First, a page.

Why is there so much unemployment?
By Allen Myers
Australia has been much luckier than most countries in the current international recession. While unemployment has certainly increased, it has not risen as much as in most of the world and, at 5.4%, it is still lower than it was throughout the 1990s. Partly this is because some unemployment is disguised as underemployment (people not being able to work as many paid hours as they would like), or because the official statistics don’t count people who have given up looking for work. Mainly, however, it reflects the particularly fortunate position of Australian capitalism, which has raked in huge fortunes over the past two decades by selling vast quantities of raw materials to countries in Asia, particularly China.
So the relatively mild impact of unemployment here is an exception, a stroke of good luck that will vanish when economic changes in Asia and the rest of the world reduce the demand for Australia’s raw materials. The overall tendency of capitalism is to continually increase unemployment. This is evident even in Australia, if we look at a longer period than the last two decades. In the 1950s, unemployment in Australia averaged around 1%. In the 1960s, it was around 2%, in the 1970s 4%, in the 1980s 7.5% and the 1990s almost 9%. The rate for the 2000s, which will be about 5.5%, is thus considerably higher than in the 1950s, ’60s and ’70s, and it is likely to increase in coming years.
Necessary and surplus labour
Unemployment illuminates a striking paradox in capitalist economies. Capitalists obtain their wealth by exploiting workers. The more workers they exploit, the wealthier they become. Yet the capitalists, in managing their businesses, constantly seek to reduce the number of their workers — that is, they seek to get rid of the source of their wealth!
The explanation of this is that the values of the goods and services that workers produce during part of the work week cover the value of their wages. Marx called this part of work “necessary labour”, because it produced what was necessary to keep the workers alive and ensure their replacement when they died. The work performed during the rest of the work week is “surplus labour” because it is during that labour time that workers produce the values that make up capitalists’ profits.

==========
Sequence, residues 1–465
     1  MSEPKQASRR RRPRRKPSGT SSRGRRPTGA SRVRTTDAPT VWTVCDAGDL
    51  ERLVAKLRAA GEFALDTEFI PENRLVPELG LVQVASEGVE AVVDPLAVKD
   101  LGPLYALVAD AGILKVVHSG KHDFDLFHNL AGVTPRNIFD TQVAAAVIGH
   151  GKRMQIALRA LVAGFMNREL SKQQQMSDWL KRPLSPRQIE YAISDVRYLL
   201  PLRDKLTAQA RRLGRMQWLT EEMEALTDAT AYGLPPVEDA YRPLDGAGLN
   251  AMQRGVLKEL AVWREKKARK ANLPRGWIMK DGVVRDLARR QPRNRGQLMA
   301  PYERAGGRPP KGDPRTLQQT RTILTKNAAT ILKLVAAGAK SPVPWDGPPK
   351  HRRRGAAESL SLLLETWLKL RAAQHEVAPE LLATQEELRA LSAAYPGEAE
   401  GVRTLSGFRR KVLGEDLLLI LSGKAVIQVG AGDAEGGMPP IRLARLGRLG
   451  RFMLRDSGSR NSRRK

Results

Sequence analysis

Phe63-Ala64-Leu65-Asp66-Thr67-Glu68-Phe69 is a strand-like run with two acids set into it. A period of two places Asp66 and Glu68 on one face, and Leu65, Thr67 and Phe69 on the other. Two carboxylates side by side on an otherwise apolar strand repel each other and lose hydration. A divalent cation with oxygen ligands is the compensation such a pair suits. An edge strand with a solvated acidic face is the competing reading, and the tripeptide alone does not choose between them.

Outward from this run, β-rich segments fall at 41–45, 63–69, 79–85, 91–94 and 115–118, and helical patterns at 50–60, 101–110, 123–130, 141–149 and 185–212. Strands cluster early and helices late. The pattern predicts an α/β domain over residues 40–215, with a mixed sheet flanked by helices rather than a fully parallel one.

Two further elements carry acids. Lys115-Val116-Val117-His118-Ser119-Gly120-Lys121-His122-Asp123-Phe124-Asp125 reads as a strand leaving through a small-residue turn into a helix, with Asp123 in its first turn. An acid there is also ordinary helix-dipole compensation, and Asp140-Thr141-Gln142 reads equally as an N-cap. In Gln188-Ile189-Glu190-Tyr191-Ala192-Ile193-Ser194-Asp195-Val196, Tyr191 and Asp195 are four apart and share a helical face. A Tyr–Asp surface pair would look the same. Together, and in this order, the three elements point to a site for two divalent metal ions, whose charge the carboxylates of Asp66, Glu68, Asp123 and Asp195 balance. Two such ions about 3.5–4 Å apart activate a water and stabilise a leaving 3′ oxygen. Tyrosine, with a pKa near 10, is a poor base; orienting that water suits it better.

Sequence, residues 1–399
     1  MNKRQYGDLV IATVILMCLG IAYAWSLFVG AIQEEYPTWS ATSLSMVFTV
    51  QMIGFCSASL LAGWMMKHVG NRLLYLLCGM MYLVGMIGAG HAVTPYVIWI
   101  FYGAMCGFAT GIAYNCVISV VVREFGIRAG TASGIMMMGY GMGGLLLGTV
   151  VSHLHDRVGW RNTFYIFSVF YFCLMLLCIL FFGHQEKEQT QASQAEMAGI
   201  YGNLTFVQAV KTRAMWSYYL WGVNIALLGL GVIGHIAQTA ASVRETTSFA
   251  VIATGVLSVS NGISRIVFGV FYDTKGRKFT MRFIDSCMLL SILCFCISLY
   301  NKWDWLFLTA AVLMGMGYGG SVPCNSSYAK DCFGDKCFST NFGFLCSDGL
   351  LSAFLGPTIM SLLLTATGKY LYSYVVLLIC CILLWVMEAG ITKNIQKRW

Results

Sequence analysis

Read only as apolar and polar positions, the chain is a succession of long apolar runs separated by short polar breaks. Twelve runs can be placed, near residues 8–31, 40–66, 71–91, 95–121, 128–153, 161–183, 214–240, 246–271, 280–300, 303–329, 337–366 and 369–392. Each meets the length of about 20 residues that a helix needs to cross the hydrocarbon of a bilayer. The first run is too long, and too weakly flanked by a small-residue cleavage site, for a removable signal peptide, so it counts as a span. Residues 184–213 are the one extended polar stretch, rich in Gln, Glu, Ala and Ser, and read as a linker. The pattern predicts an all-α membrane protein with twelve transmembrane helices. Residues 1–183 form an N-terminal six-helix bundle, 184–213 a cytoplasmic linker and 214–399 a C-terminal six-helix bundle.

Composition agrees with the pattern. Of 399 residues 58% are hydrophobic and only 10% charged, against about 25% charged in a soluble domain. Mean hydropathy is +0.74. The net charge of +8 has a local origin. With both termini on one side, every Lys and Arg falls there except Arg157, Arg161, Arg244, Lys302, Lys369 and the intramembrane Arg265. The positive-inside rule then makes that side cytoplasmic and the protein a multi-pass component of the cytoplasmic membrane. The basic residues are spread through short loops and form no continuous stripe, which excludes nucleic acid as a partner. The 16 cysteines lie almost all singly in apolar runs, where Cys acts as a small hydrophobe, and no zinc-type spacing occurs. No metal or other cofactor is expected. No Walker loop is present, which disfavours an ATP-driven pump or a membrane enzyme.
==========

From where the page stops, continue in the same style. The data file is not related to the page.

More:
It is to the advantage of the capitalists as a whole to exploit the greatest possible number of workers. But it is advantageous to each individual capitalist to reduce the number of his/her own workers to the extent that can be done without reducing output. When they can, capitalists will do this by forcing workers to work harder, but the easiest and most profitable way is usually to replace workers with machinery. While machinery itself does not generate values, it increases the productivity of labour, and hence decreases the cost per item of the capitalists using it, allowing them to gain an extra profit until the use of the machinery becomes general throughout the industry. Capitalism’s effort to increase surplus labour by reducing necessary labour therefore takes the paradoxical form of reducing the number of workers.
Unemployment also benefits the capitalist class as a whole by dividing the working class into two groups: those with and without jobs. Individual workers move back and forth between the two categories, which creates a constant pressure on wages from workers who are desperate to return to the active workforce. So, despite shedding occasional crocodile tears for the unemployed, the capitalists have every motive to oppose anything that relieves their situation.
A large pool of unemployed and underemployed workers functions as a “reserve army of labour”, as Marx and Engels termed it. This means that the capitalists can easily find the workers they need during economic booms, and dismiss these workers, without taking any responsibility for their survival, during bad times.
In the modern era, imperialist capitalism has concentrated the largest part of the labour reserve army in the Third World, the so-called developing countries. This reserve is made up of peasants driven off the land and workers formerly employed in industries that could not compete with the more technologically advanced imperialist firms. Thus much of what is often called “overpopulation” in the Third World is really a specific form of capitalist unemployment. It has often been pointed out that there is more than enough wealth in the world to feed and provide a reasonable standard of living to everyone. “Overpopulation” exists because it suits imperialist capital to maintain a high level of global unemployment.